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6 Ways Veterinarians Get Behind the 8 Ball Financially (and what to do about it!)

The obvious:

A mountain of student debt and lower incomes compared to other occupations with similar educational debt balances. The elephant in the room as veterinarians come out of school with an average of $167,000 in debt to be paid off. With an average starting salary around $75,000 the mental challenge of tackling this much debt is not only stressful but it can be downright depressing. Saving for retirement seems like a dream and most choose to simply deal with the debt at a later time when they hopefully have stronger incomes.


Tackle high interest debt first. At a minimum, make interest payments so it does not capitalize. Look into consolidating or potentially refinancing debt. Make a budget and plan for both the short term (next 1-3 years) and longer term as the best way to tackle debt this large is to do so in chunks. Understand it will be a process that likely will take over 15 years to complete so do not be frightened of a big number looking back at you on a statement. You won’t be perfect, there will be months in which life expenses get in the way of using those funds for your debt – that’s ok as long as you keep chipping away!

The not so obvious:

Getting a late start on investing along with horrible debt repayment options compared to peers in medicine. Depending on the level of education and training, most veterinarians do not start a full time job until they are in their late twenties. In most medical professions this is the norm. What is not the norm is the way that veterinarians are treated in terms of student loan policy. Because veterinarians work mostly at for-profit businesses, they do not get the type of options that other medical professionals who work at non-profits receive. It sounds good to say that you will start saving for retirement after you pay off your loans but that could take 20-25 years and you will have syphoned off your most important resource when it comes to investing, time.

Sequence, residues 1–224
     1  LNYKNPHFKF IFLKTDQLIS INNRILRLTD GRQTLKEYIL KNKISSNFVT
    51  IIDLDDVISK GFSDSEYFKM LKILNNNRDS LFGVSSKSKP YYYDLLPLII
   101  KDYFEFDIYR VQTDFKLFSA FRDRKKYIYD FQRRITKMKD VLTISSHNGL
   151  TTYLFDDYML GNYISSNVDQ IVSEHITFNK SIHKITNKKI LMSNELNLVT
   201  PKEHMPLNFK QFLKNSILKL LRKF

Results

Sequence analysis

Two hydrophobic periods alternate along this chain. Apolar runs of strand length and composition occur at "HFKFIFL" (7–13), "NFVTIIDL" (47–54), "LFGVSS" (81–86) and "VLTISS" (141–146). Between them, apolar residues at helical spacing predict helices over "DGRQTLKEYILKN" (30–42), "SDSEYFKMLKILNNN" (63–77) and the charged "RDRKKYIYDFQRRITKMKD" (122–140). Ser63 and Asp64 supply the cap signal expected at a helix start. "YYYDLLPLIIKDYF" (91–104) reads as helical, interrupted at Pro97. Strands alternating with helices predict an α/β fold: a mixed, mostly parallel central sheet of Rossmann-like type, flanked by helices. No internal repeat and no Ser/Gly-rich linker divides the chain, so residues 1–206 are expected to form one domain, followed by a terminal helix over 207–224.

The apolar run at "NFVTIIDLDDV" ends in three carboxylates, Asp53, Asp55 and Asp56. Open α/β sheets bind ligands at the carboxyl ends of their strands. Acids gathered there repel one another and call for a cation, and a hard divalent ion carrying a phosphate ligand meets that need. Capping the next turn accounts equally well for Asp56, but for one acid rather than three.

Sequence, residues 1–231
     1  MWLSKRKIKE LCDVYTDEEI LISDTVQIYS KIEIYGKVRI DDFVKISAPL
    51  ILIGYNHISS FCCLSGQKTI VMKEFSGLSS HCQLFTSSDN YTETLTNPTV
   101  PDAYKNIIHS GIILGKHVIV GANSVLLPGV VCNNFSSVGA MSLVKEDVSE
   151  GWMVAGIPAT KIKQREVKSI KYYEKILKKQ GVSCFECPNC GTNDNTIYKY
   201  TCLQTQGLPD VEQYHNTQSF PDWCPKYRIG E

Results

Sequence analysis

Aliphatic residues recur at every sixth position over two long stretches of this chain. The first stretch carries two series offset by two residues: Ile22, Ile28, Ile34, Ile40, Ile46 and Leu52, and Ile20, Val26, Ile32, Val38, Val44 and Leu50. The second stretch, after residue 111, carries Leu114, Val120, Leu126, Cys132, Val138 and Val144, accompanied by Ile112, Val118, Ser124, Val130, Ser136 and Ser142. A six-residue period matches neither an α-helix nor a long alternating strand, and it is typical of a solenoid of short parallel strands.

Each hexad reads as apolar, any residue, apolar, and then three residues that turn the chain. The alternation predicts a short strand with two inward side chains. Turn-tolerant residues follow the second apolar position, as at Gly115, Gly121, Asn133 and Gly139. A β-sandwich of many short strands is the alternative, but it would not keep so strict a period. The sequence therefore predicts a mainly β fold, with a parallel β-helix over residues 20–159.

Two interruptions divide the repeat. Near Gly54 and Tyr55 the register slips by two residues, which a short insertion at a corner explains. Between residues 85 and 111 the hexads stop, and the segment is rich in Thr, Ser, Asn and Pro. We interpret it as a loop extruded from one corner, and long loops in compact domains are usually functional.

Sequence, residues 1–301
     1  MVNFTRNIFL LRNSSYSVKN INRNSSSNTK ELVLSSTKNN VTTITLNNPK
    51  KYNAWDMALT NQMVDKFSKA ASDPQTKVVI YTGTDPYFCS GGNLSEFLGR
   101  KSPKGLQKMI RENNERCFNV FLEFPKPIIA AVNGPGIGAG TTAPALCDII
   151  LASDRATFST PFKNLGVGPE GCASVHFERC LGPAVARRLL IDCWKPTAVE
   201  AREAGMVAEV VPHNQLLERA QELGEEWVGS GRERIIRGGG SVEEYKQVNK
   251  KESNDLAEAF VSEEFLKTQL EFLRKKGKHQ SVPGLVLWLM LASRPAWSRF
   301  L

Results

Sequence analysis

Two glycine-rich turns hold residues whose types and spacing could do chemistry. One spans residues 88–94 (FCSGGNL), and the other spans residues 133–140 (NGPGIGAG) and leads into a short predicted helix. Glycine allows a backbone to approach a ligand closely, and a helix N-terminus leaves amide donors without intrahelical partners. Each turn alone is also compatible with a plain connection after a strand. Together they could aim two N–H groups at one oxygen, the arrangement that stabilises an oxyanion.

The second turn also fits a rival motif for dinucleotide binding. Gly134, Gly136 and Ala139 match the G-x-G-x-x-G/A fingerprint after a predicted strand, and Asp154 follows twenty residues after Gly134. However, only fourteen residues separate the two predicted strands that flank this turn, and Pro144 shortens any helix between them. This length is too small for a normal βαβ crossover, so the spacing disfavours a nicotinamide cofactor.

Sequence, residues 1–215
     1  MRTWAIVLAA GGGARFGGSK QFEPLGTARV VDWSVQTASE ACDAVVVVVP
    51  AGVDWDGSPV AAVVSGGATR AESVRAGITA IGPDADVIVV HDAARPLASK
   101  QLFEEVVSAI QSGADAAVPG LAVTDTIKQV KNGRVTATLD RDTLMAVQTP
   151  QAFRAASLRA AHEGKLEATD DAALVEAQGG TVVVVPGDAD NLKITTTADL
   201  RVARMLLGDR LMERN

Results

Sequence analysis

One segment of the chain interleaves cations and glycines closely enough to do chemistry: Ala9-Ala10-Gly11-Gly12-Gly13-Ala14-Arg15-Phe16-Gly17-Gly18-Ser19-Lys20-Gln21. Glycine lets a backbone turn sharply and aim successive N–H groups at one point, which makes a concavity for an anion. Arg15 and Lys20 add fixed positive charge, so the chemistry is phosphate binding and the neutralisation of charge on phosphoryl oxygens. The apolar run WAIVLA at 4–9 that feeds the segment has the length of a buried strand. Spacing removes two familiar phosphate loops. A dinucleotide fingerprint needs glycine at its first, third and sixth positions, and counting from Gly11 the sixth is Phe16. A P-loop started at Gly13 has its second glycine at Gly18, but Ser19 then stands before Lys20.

There is no cure for getting a late start on investing. The sooner you begin to invest the longer you will be able to have your money working for you. The #1 determinant of successful investing is time spent actually invested – do not forget that. When it comes to your debt repayment options, hire a professional that solely focuses on that aspect. It is very specific to your situation and picking the right plan can save you tens of thousands of dollars over the course of the loan.

The hidden:

Large cost of practice ownership & limited time for personal financial education. The corporate consolidation is a trend that has been sweeping the industry. Small independent clinics have sold into the national conglomerates that are able to use economies of scale and brand recognition in ways independent clinics simply cannot. For many staff DVM’s the thought of purchasing a practice from an owner or peer is simply too expensive and the thought of taking on even more debt is not something that sounds appealing. Combine the aforementioned factors with a non-stop schedule that can entail 65 hour work weeks and it’s easy to see how personal finance can slide down the priority list.


Independent ownership is still very possible (historically low interest rates/banks needing to work on volume) and profitable for all parties involved, if done correctly. Deals can be structured in a variety of ways that can allow the most cash strapped employees to buy. Furthermore, being independent has its own benefits that allow you to stand out versus a crowded “brand name” market. Embracing and continuing that boutique feel is a great way for a practice to differentiate itself. You do not have to make personal finance your second career but you should have an understanding of what it will take for you to get from where you are now to where you want to go. Creating/updating a budget and financial plan are great starting points. At a minimum, reviewing both of those key aspects of your financial health once a year to make any necessary alterations is prudent.

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